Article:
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War

Rand Paul: ‘Bombing Assad Means the U.S. is Fighting on the Same Side as ISIS’ [VIDEO]

Written by Philip Hodges

Bush, Obama, and Trump campaigned on a relatively ‘anti-war,’ conservative foreign policy, and spoke out against nation-building. It’s now evident that Trump is just like his predecessors. Trump was so adamant just four years ago that then-President Obama not take military action in Syria, even under the same circumstances as today – their alleged use of chemical weapons. Obama didn’t take military action. Directly anyway.

The Obama administration – probably the CIA – provided covert support to terrorist factions in the region with the goal of deposing Syrian President Bashar al-Assad (either by direct confrontation or by causing so much havoc that he’s forced to step down), without the need for an all-out public war. Whoever was really behind the chemical attacks then were not successful in bringing the U.S. into war in Syria, but supporting the Free Syrian Army (FSA), ISIS, Al-Qaeda, and others, seemed to be sufficient at the moment.

But alas, Assad is still there. So whoever was behind the chemical attacks a few years ago, tried again, this time hoping to draw the U.S. into a war. It worked. Trump took the bait, and he took it quickly.

It remains to be seen whether our military response will have any effect on Assad, or if it will only harden his resolve.

Some things are certain though. This was an unconstitutional action on the part of the White House. The President does not have the authority to launch a military strike like this without a declaration of war from Congress. The exception would be in the case of an imminent attack. But that was not the case here. There were allegedly chemical weapons attacks in Syria, and the U.S. – political and media establishments – quickly assumed it was Assad in order to gin up support for war.

I still don’t buy that it was Assad. It could have been ISIS (or some other terrorist group that we’ve supported), Saudi Arabia, or even the CIA. It makes no sense that Assad would do this, knowing that it would elicit strong international condemnation. I’m sure he’s a bad dude. But he wouldn’t try desperately to bring attention to himself this way. This is more than likely the work of a clandestine operation, designed to frame Assad. A false flag, if you will.

Senator Rand Paul may not go as far as I do (at least in public), but from his perspective, even if what the media reported is true that Assad gassed his own people, that does not justify the President taking launching a military strike on Syria without a congressional declaration of war. He wrote:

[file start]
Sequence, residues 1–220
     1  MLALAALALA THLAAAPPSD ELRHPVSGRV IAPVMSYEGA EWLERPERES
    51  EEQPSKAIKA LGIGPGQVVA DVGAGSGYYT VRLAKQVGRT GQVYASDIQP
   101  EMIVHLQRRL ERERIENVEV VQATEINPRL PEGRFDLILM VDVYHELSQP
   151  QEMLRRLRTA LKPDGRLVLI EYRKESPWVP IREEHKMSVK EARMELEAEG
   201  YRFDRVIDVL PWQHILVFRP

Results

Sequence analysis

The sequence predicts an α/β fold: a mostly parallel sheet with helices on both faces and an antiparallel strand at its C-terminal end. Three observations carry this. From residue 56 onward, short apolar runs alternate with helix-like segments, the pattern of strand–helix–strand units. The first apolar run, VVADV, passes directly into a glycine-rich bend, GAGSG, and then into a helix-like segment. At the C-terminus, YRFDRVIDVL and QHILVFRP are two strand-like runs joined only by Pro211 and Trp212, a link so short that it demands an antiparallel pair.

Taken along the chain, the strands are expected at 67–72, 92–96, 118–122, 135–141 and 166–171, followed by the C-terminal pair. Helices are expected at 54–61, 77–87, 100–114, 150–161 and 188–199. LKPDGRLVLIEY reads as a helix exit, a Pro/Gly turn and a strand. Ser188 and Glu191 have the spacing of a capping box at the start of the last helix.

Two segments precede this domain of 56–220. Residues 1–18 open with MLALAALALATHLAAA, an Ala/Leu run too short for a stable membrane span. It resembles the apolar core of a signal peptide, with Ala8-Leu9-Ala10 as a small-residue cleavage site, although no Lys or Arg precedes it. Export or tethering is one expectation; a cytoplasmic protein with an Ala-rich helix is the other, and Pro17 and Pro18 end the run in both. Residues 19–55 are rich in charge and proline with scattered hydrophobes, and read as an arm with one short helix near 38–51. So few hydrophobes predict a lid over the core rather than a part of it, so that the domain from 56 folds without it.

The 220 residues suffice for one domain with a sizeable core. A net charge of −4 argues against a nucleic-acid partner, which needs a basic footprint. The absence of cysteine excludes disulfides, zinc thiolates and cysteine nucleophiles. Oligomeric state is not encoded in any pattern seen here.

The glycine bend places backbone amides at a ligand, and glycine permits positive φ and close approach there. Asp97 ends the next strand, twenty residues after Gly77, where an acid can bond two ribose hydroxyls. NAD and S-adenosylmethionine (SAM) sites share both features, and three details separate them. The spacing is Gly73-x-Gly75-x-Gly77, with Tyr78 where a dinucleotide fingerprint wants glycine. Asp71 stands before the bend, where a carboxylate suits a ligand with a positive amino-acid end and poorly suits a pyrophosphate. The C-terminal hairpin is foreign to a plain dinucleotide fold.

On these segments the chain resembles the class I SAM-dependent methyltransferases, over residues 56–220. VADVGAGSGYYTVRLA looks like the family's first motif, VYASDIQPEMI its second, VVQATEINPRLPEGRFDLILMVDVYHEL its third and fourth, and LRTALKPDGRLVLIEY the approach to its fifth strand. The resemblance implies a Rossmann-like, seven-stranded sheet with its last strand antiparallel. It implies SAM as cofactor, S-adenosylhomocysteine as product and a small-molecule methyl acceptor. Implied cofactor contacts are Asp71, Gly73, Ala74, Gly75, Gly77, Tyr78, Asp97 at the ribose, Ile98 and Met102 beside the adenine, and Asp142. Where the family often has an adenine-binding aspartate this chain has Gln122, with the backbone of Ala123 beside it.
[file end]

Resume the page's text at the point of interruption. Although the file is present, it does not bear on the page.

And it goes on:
Make no mistake, no matter who is president or what their party is, it is my firm belief that the president needs congressional authorization for military action, as required by the Constitution. I call on this president to come to Congress for a proper debate over our role in Syria, just as I did in 2013 when President Obama contemplated acting in Syria.

I believe that nothing about this situation has changed.  Military action is not in our national security interest and should not be authorized.  Our prior interventions in this region have done nothing to make us safer, and Syria will be no different.

There is no doubt Assad is a brutal dictator.  But if we seek to remove him, we must ask what comes next.  Assad is fighting radical Islamic rebels, including large parts of ISIS.  Who would take over Syria if Assad is deposed?  Experience in Libya tells us chaos could reign, and radical Islamists could control large parts of the country.

Make no mistake, bombing Assad means the United States is fighting on the same side as ISIS and other radical Islamists in Syria.  This is a dangerous and morally wrong policy.

It’s nice that we have at least one level-headed senator. But did you hear what host Stuart Varney said?

“This is a one-off shot. It’s punishment for the dropping of poison gas on children. It’s not an invasion. It’s not war.” 

Let’s turn this around and say that Syria launched a ‘one-off shot’ at the United States to ‘teach us a lesson.’ Would the media and political establishment accept their ‘message’ and tell Syria that ‘we’ll behave now,’ or would we consider that an act of war and respond accordingly? 

In what universe is launching missile strikes on a foreign country not an act of war?

The views expressed in this opinion article are solely those of their author and are not necessarily either shared or endorsed by EagleRising.com


About the author

Philip Hodges

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